Thu, Jan 17, 2013
They come from different worlds. Davecat is a gangly, quirky and shy introvert. Sheshawn is the brunette bombshell with the softest, deepest brown eyes. Staring into them fosters the calm inner tranquil of a warm caribbean sunset. Were she seated next to a baby, you’d likely punch the baby and focus your attention instead, on her eyes. When she’s in a room everyone stares, even the brunette bombshells.
Davecat and Sheshawn have nothing in common.
Not in a million years would the odds predict any chance of them being together. But not in this story.
You know the rest. Boy speaks to girl; girl is unresponsive and uninterested; boy tutors girl in math (boy is Asian); finally a spark. She sees something in him; they spend time together; they enjoy each other… before you know it, they’re a couple!
Then heartbreak strikes. They’re torn apart. Each spending their days without the other. They’re miserable. Time passes. Later, faith in its infinite wisdom brings them back together – they live happily ever after.
You know the plot. You’ve seen this story a hundred times in a hundred movies. But you fall for it every time! The story I’m about to tell… show you rather, shares the same plot. This time, it’s the real life version.
It’s between a shy, dorky introvert and a stunning brunette. Sex doll.
I’ve often sat in wonderment watching people with their iPhones. Always fiddling, always listening for that ding, always next to or in-hand. But this phenomenon is not limited to cell phones and sex dolls. It’s the same with any little girl and her favorite teddy bear, with you and that old t-shirt in the drawer and with my buddy Brad who travels with a hundred year old (looking and smelling) blanky.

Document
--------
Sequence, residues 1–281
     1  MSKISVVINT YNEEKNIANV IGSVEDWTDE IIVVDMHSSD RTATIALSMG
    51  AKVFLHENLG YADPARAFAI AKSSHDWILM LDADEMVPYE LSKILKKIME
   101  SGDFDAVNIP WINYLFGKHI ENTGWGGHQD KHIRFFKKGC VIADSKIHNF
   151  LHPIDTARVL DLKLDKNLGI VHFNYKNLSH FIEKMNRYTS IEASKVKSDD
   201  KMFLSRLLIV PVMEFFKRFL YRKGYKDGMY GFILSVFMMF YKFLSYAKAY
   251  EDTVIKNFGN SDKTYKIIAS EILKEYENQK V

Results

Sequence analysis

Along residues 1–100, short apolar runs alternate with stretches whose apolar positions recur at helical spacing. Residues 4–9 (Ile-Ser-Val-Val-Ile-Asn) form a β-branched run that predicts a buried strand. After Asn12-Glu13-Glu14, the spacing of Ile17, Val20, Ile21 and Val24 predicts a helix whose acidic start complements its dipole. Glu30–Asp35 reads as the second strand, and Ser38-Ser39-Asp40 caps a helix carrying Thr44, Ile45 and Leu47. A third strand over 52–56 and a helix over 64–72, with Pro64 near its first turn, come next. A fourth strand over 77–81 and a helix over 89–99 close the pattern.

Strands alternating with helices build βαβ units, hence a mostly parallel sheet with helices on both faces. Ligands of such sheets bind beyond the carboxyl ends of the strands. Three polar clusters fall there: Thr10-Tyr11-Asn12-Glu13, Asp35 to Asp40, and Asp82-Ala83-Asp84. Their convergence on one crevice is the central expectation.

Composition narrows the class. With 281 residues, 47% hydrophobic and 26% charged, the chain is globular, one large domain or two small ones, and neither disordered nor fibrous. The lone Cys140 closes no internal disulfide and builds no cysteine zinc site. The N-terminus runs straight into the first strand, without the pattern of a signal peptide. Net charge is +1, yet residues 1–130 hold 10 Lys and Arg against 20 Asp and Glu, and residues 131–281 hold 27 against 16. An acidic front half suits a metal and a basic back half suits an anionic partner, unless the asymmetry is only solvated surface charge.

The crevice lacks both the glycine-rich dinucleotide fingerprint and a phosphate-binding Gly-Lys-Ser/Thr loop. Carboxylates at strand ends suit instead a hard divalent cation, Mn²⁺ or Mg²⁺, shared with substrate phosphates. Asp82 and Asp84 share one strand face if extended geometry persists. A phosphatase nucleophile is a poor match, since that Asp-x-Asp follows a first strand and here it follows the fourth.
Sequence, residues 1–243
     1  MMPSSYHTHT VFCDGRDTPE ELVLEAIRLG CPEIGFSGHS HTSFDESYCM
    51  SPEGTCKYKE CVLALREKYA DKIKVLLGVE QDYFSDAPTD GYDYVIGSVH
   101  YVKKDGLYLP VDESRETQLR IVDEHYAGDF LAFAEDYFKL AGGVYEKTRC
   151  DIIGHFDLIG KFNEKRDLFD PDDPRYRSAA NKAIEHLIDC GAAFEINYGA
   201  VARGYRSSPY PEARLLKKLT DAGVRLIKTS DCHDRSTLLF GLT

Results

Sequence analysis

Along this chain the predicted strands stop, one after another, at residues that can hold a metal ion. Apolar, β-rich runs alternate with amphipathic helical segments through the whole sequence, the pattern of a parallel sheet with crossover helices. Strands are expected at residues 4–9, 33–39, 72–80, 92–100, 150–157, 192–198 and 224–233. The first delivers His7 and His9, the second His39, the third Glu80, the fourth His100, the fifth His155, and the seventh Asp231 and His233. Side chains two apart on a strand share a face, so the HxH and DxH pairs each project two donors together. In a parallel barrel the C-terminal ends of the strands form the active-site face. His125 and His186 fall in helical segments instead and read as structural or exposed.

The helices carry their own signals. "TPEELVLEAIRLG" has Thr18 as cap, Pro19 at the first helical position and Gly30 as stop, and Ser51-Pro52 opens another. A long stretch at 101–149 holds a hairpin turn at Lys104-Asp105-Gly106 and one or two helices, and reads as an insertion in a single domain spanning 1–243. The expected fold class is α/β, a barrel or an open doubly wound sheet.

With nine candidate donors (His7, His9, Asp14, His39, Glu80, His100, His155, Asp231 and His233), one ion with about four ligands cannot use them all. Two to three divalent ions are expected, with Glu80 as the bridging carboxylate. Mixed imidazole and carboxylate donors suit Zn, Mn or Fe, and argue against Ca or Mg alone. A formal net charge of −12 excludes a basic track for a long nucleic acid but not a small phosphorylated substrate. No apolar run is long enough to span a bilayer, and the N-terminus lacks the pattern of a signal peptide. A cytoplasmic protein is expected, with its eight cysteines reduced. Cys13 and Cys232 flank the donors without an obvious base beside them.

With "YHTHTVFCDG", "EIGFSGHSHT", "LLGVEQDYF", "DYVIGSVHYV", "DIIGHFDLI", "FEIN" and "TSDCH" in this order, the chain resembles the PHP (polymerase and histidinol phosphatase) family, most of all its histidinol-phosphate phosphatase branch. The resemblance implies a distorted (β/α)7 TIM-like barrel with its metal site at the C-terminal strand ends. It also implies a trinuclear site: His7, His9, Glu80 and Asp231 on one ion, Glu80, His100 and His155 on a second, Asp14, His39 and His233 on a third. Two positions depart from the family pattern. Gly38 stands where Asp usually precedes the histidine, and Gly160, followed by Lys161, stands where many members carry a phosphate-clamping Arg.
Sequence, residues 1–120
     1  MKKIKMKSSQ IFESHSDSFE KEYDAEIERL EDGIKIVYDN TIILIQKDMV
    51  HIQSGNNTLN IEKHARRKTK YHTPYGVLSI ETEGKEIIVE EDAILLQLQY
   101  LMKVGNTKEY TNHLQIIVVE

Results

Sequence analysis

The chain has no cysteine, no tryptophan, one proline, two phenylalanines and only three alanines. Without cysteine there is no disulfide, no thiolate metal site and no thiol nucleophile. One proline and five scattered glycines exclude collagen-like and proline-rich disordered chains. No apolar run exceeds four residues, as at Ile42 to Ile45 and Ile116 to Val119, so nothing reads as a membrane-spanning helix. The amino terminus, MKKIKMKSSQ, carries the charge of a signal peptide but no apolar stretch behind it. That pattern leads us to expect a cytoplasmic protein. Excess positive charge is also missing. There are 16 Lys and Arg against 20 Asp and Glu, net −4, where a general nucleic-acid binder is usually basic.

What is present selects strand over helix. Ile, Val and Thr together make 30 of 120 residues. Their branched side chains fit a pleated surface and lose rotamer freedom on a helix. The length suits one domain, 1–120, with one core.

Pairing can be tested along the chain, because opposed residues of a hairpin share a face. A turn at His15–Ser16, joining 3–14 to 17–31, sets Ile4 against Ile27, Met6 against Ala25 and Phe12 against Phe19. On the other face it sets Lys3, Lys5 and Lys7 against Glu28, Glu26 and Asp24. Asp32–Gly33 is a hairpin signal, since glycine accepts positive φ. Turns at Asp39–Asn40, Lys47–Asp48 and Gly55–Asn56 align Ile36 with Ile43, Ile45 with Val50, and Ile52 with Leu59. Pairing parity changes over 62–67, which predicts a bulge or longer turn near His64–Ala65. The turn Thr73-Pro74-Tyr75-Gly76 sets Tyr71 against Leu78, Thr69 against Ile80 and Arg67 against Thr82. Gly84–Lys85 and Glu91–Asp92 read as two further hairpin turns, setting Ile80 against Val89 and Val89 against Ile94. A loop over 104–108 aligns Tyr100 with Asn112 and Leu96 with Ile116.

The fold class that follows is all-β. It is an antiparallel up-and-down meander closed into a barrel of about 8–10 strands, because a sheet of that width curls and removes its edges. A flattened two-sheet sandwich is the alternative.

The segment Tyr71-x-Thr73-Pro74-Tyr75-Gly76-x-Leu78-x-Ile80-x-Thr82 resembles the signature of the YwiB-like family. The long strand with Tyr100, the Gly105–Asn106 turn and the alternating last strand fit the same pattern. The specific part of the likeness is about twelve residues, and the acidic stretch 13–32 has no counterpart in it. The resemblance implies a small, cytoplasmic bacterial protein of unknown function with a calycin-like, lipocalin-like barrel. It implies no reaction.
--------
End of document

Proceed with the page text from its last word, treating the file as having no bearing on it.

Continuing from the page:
As humans, we crave attention. We have an innate desire to form bonds. Develop connections. We’re so eager to do so, we imbue inanimate objects with feelings and personalities.
In the 1950’s, American Psychologist Harry Harlow carried out a series of (what today might be seen as pretty cruel) experiments using monkeys, to better understand the effects of social isolation.
Adapted from Jonah Lehrer’s, How We Decide:
Newborn monkeys were taken away from their birth mothers and placed in cages with pretend mothers. One mother was made of wire mesh and the other, terry cloth. To make it more interesting, milk bottles were placed in the hands of the wire mothers.
His question – what was more important, food or affection?
In the end, it wasn’t even close. No matter which ‘mother’ held the milk, the babies always preferred the cloth mothers. They would quickly eat then run back to their cloth mothers. By six months, they were spending up to eighteen hours a day with their cloth mothers.
Even more than food, these baby monkeys craved the attachment, the soft (literally), comforting feeling of ‘affection’.
The further experiments and findings get a bit dark:
Pushing the limits, one group was placed alone in a cage – with nothing. Not even a wire mother. The outcome. Exceedingly sad. The isolated babies were completely unable to express emotion. They became vicious. Ripping their hair out. Harming other monkeys and even their own children.
The isolation. The lack of even a bit of wire mesh to form a bond with had devastating effects.
In one of my favorite posts on his blog Nir and Far — which I find myself frequenting more than I did torrid triple-x sites at 15 years old seeking wanking material — Nir Eyal explores the world of habits and the role they play in our addiction to things like facebook and instagram. Apps and services like these form habits. And like any good habit, is built on repetition and frequency — you turning on the TV first thing in the morning, posting to instagram your stupid picture of a tree stump, wanking, for my adolescent readers – (there is a lot of masturbation references in this paragraph isn’t there? Just thinking of our young people folks); or posting your take on the weather on facebook that we really don’t give a shit about.